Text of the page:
The Salpêtrière asylum, 1885. All of Paris is in thrall to Doctor Charcot and his displays of hypnotism on women who have been deemed mad or hysterical, outcasts from society. But the truth is much more complicated – for these women are often simply inconvenient, unwanted wives or strong-willed daughters.
Once a year a grand ball is held at the hospital. For the Parisian elite, the Mad Women’s Ball is the highlight of the social season; for the women themselves, it is a rare moment of hope.
Geneviève is a senior nurse. After the childhood death of her sister, she has shunned religion and placed her faith in Doctor Charcot and his new science. But everything begins to change when she meets Eugénie, the 19-year-old daughter of a bourgeois family. Because Eugénie has a secret, and she needs Geneviève’s help. Their fates will collide on the night of the Mad Women’s Ball…
The Mad Woman’s Ball is a wonderful novel that I read in two sittings. The story itself is relatively straightforward but Victoria Mas uses the narrative to explore the ways in which women were so often unfairly treated historically – even by those closest to them – with many banished to an asylum for little to no reason in many cases.
the majority of the patients have been committed by the men whose name they share
The novel follows two characters for the most part – Eugénie and Geneviève. At just 19 years old, Eugénie should be setting out on the adventure more generally known as life, and yet chafes at the expectations placed upon her. She envies the freedom that her brother has and has no desire to marry, even though that is her father’s only intention for his wayward daughter. Eugénie has a rather peculiar ability, and it’s this that sees her committed to Salpêtrière Asylum after she confides in her grandmother who in turns tells her father. Eugénie is an intelligent woman, and it’s very clear that she does not belong in an asylum – both to the reader but also to many of those around her. Betrayed by those closest to her and who should have her best interests at heart, she has no choice but to seek help from the head nurse as she struggles with her confinement.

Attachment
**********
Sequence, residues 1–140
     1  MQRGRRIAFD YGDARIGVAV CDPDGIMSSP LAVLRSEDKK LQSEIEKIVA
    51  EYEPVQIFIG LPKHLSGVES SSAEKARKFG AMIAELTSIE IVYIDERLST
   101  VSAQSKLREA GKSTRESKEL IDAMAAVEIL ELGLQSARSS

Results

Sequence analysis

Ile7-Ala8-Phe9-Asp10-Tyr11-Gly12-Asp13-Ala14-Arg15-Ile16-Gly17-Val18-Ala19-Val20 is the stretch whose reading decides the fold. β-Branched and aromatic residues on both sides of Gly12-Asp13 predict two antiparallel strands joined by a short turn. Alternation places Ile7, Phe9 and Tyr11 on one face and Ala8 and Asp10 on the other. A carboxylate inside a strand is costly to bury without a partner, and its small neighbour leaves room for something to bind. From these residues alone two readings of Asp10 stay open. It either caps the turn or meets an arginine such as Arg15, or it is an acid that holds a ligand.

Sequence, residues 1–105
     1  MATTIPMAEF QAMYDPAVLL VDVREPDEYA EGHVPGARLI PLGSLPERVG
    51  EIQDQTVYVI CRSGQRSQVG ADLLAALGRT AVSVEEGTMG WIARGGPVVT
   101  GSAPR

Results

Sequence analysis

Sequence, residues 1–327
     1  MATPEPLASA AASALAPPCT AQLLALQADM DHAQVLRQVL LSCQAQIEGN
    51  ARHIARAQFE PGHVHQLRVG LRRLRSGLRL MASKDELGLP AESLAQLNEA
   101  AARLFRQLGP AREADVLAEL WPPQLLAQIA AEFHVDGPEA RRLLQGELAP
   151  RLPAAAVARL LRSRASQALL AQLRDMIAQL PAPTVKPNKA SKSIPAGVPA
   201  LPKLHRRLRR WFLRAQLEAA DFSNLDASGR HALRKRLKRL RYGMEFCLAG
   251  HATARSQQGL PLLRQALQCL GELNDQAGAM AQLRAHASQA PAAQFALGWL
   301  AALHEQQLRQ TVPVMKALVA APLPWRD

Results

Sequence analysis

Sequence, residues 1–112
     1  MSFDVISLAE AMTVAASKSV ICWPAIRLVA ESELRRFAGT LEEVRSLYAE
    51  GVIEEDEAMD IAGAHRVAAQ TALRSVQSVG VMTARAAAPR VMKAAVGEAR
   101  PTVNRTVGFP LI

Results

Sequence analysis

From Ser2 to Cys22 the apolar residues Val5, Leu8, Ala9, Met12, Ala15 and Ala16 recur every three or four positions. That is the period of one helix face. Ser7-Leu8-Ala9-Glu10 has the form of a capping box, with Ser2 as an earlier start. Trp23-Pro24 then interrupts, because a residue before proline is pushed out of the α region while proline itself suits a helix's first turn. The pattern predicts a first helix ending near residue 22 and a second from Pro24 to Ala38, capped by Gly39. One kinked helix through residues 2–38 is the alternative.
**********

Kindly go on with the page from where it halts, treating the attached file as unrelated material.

Geneviève’s situation as the head nurse at Salpêtrière is quite different. A long time believer in medicine and science, she believes that she is making a real difference to the lives of those in her care. She initially comes across as being quite cold and detached – she cares little for the specific circumstances facing these women, and seeks only to maintain a relatively peaceful environment to enable the doctors to do their work. Eugénie’s plight is eye-opening for Geneviève, highlighting to her that many of these women are here for no reason other than their men don’t know what else to do with them when they become inconvenient in some respect.
Eugénie’s circumstances – plus that of fellow patient Louise – highlight the way in which many women were committed unfairly. It’s not news that this happened, but it’s all the more shocking when you read about some of the specific circumstances – Louise’s tale is particularly harrowing. It’s a quick and engaging read, and if I had any slight niggle with it it’s that Geneviève’s change in opinion of Eugénie after a demonstration of the latter’s ability comes a little too quickly – she jumps from disbelief to belief with hardly any interim period of doubt. Additionally, I think that the overall message that some men mistreat women – both then and now – is perhaps a little heavy handed in places. It’s an enjoyable read, but it’s not entirely subtle.